One of the most interesting takeaways from the article were the facts about bullying and suicide. Trevor was a bully and prone to violence as a child.

Many had perceived him as someone who inflicted suffering on others, not seeing that he was suffering intensely himself. But people who respond to others aggressively and act impetuously are at acute risk of suicide, because they respond to themselves with impulsive belligerence, too. Experts speak of childhood depression as having internalizing symptoms (withdrawal, sadness) that are often ignored and externalizing symptoms (aggression, disruptiveness) that are usually punished. Both can be manifestations of the same underlying illness. 

By the age of thirteen, more than a third of bullies have actively considered ending their lives, according to a study published in the Journal of Adolescent Health. Children who are both bullies and victims are particularly predisposed to suicide, with nearly half reporting a suicide attempt or self-harm.

I strongly suggest that all parents read this story to get a different perspective on what our children may be going through. It is far better to be informed, no matter how difficult the content is.


Now, more than ever, it is imperative that we talk to our kids about mental health and consistently check in on how they are feeling and in general, coping with things in their lives. You may think your child is fine but that is not always the case. Especially as tweens and teens, they can put on a front of being okay even if they’re not.

Between school, social media, friend drama, peer pressure, and self-pressure, kids today, especially teens, are constantly bombarded with stressful situations. They are so connected to one another through technology, that they don’t have a chance to shut off the world and just relax and be a kid. This is adding to and making worse the mental health issues many children face.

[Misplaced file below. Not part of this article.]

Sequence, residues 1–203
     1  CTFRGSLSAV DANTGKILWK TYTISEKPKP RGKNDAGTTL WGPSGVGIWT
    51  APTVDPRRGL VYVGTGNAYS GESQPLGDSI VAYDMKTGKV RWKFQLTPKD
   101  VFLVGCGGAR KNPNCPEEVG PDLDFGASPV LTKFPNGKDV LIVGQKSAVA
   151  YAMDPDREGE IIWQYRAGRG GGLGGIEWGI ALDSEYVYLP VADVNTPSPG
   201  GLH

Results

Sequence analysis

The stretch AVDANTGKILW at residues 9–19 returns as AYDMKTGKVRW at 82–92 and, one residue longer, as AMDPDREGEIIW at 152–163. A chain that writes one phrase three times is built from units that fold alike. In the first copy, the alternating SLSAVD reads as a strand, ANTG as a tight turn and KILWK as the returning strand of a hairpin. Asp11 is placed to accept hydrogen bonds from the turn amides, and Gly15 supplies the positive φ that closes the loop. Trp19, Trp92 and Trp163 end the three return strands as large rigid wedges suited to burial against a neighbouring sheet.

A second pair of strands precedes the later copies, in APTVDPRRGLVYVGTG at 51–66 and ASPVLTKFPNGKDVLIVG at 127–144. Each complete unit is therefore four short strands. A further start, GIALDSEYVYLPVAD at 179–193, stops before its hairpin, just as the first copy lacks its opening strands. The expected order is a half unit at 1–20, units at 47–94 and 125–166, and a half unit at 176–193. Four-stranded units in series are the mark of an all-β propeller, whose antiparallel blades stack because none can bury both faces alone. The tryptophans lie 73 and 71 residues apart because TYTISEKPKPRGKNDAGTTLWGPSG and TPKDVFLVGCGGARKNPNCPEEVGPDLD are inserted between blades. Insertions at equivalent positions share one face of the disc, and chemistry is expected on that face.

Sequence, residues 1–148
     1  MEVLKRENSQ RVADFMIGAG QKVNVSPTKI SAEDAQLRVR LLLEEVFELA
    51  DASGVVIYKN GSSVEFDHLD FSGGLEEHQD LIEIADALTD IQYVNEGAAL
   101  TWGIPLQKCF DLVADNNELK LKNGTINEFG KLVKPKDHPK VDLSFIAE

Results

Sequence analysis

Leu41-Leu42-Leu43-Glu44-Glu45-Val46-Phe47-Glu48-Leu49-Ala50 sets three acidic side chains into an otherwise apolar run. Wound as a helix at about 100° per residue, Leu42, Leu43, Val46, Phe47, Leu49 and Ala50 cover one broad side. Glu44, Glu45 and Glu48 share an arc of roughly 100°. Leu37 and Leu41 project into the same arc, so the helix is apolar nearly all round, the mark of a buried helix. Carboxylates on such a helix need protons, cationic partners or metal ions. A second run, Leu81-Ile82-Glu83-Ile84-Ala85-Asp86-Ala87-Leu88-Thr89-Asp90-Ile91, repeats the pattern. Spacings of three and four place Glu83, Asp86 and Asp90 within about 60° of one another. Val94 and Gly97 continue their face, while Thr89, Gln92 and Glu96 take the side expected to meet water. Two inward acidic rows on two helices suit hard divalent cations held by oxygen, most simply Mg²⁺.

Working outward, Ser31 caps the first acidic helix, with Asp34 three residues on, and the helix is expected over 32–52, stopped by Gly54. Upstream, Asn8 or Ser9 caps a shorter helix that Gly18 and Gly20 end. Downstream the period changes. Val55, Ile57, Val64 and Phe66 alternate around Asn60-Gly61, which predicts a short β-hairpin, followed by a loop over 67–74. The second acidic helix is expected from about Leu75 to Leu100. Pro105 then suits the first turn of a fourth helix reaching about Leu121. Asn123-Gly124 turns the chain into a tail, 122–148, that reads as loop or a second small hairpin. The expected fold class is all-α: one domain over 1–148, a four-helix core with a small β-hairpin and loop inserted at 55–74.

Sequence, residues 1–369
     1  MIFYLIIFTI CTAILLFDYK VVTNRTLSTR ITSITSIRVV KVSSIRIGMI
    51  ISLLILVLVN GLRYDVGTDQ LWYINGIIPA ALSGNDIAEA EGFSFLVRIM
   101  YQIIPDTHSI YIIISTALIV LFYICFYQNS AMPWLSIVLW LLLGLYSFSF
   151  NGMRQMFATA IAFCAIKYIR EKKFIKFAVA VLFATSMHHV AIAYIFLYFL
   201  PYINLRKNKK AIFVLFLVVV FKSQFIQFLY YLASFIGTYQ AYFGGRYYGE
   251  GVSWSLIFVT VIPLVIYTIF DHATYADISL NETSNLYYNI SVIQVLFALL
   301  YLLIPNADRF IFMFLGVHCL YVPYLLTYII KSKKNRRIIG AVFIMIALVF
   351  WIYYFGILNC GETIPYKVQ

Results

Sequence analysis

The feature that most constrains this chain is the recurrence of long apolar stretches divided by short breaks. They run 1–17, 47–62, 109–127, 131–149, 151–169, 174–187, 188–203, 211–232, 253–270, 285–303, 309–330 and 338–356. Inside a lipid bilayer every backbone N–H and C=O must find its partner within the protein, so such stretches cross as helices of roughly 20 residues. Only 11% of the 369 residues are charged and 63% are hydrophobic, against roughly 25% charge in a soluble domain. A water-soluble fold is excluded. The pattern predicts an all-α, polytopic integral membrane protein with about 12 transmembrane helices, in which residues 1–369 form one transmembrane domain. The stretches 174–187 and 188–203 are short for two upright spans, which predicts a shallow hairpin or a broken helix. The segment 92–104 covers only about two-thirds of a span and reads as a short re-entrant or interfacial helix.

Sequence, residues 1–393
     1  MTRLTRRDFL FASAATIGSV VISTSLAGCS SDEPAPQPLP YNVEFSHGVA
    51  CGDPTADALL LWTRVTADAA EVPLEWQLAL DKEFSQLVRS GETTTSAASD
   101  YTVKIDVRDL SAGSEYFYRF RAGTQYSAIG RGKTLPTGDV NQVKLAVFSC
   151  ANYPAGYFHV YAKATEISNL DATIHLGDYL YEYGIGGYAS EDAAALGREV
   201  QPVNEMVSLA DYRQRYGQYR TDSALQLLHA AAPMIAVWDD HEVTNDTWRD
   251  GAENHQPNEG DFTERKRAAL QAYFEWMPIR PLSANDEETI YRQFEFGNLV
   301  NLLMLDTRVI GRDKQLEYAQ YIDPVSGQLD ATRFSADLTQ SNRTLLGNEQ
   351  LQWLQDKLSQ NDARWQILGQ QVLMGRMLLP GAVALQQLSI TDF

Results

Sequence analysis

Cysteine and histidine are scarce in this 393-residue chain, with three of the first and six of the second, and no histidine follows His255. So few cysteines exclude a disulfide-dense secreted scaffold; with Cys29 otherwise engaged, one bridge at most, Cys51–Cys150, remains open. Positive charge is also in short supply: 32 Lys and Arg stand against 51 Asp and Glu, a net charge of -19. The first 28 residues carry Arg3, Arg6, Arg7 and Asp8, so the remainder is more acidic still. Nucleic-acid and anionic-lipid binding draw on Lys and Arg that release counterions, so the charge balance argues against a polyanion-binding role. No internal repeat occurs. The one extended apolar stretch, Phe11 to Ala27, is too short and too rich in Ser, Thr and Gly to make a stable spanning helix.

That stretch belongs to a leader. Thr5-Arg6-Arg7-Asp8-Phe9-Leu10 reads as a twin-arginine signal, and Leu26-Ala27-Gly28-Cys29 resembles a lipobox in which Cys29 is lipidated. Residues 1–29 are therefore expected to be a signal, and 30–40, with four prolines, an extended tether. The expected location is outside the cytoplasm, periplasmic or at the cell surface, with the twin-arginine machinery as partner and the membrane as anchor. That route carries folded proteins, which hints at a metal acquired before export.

As we begin the 2022/23 school year in Fremont County, let’s work together to make sure our children and young adults are getting the help they need.

What can we do as parents?
For starters, as a parent in today’s world, we must know our child from the inside out. Who are their friends? What are their struggles? Do they have any anxieties? What are their hopes and dreams and do these add to their stress?

How do we do this? 
There are many ways as parents we can get to the heart of our children. Number one is talking with them honestly and openly. Let them know that they can tell you things without repercussions. Open up that line of communication. Build a bond of trust that makes them want to talk to you about what may be troubling them in their life. The good things are easy to talk about. The hard things may take time and as a parent, patience is definitely a virtue. Remember: start a conversation, ask questions, pay attention and listen.

Spend time with your children. Family activities lead to great conversation. After all, how do you spell love? T I M E.

If your child suffers from a mental illness or behavioral health issues, be sure to get them the help they need. Teach them that it’s okay to reach out for help. The younger, the better. This can set them on a thriving path in life. Let’s all break the stigma that is put on mental illness and give our children a brighter future!

For a list of resources in Fremont County and Nationwide, click here.